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Everytown For Gun Safety Pushes Hard-Hitting Commercial Against NRA

"Ditch the sticker," a voiceover advises.

I saw this commercial on Morning Joe this morning, and was happy to see it on the highest-rated cable show in that time slot. Because I saw it five minutes after I read this infuriating story in the Washington Post.

"Six family members shot to death in Texas after brothers formed murder-suicide pact, police said" was the headline.

Two suicidal brothers who struggled with depression and anxiety decided (as happens often) that they should kill the entire family so they didn't have to deal with the aftermath of their deaths.

Farhan wrote that he had suffered from depression since the 9th grade and had repeatedly harmed himself. His family had tried to help him, but he said that his mental health issues had recently worsened. He had been studying computer science at the University of Texas at Austin, he wrote, but was expelled from his dorms in the winter after telling a roommate that he planned to kill his family.

He moved home, where Tanvir, whom he described as “depressed and socially anxious,” was staying.

Eventually, the pair decided to kill their family and then themselves, he wrote. “Instead of having to deal with the aftermath of my suicide, I could just do them a favor and take them with me,” the note reads.

The pair bought guns, he wrote, adding that “gun control in the U.S. is a joke” because the pair lied when asked if they were suffering from mental illness. Police did not confirm how many guns were used in the shooting, adding that Tanvir was able to legally purchase a gun “recently,” KXAS reported.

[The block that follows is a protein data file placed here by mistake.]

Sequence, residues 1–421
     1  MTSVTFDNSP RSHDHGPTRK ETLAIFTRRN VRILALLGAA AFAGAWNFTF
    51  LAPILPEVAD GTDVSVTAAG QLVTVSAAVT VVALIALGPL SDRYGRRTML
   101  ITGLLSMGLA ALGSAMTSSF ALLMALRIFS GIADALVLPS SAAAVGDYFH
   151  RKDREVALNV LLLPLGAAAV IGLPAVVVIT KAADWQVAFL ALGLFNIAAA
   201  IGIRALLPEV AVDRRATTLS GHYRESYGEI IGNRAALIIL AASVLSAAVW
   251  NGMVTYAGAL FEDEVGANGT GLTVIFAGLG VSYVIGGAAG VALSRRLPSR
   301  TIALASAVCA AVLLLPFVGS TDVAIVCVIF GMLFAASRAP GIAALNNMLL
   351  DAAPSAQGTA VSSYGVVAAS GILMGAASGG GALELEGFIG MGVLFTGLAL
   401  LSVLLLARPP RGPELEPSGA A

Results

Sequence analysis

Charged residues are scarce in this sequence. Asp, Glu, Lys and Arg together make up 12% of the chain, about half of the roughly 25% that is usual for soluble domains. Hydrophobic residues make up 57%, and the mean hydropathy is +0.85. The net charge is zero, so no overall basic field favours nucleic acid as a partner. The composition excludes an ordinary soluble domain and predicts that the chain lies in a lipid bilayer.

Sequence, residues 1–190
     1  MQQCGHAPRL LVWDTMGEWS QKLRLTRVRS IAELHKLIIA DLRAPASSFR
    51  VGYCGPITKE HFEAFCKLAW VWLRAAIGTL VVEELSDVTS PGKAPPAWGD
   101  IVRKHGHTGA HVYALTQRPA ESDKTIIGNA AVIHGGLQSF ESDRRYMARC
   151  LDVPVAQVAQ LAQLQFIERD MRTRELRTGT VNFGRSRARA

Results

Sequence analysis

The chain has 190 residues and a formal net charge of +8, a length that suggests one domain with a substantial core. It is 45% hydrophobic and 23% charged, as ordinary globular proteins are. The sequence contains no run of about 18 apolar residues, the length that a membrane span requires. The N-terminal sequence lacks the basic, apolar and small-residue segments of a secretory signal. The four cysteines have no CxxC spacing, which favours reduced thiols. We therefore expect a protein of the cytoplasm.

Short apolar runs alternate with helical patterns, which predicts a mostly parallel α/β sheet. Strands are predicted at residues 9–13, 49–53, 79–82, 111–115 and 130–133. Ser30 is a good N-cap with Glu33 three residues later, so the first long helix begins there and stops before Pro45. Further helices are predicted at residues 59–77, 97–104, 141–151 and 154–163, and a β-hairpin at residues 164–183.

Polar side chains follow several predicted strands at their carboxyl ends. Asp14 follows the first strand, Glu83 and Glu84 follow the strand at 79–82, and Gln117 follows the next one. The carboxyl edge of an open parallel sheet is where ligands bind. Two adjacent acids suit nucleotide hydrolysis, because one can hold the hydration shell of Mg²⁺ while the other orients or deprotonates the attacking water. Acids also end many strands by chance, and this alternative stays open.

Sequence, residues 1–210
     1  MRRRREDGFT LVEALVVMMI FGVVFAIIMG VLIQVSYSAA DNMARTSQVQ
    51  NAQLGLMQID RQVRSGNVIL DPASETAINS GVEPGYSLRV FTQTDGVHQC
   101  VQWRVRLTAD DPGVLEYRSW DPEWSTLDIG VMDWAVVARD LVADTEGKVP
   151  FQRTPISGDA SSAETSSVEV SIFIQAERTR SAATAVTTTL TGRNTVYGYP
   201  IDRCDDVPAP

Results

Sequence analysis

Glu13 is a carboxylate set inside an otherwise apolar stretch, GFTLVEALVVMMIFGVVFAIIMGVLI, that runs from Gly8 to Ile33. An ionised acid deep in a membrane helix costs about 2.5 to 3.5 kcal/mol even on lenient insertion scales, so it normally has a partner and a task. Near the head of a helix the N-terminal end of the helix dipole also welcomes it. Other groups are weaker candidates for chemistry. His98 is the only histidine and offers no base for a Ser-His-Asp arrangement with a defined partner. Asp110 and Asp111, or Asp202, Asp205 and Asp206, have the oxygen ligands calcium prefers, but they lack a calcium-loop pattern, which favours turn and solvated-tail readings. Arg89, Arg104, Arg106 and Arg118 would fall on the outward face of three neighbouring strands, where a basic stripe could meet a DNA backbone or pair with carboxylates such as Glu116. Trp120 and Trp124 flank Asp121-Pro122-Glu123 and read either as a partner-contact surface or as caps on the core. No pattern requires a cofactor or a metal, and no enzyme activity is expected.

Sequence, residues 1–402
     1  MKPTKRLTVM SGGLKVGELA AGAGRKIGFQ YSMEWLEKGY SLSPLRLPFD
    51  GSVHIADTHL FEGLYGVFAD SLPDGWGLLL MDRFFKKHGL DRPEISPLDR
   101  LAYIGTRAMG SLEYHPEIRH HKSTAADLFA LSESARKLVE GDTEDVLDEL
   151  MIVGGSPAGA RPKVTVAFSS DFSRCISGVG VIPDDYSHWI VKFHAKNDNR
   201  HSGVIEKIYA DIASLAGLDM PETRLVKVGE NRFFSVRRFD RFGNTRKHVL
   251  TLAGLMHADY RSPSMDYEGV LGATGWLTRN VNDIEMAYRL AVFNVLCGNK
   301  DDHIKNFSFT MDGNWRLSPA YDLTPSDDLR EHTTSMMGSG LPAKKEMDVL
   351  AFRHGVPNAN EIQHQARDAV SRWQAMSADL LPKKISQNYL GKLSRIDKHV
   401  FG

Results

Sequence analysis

You can't prevent every purchase of guns by someone who's mentally ill, but it does seem like someone who'd recently been kicked out of his state university dorm for threatening to do the very thing he went on to do should have been flagged. In a rational world, I mean.

We don't get to have rational discussions about gun safety because of the NRA. Most people don't know the risk of suicide and homicide is higher from having a gun in the house, simply because the NRA takes up so much of the space with their crazy conspiracy theories about fighting government oppression.

And they dominate legislative discussions by virtue of their large political donations. Despite their corruption, they're a trusted voice. If this commercial makes a dozen people rethink their positions, that's progress.

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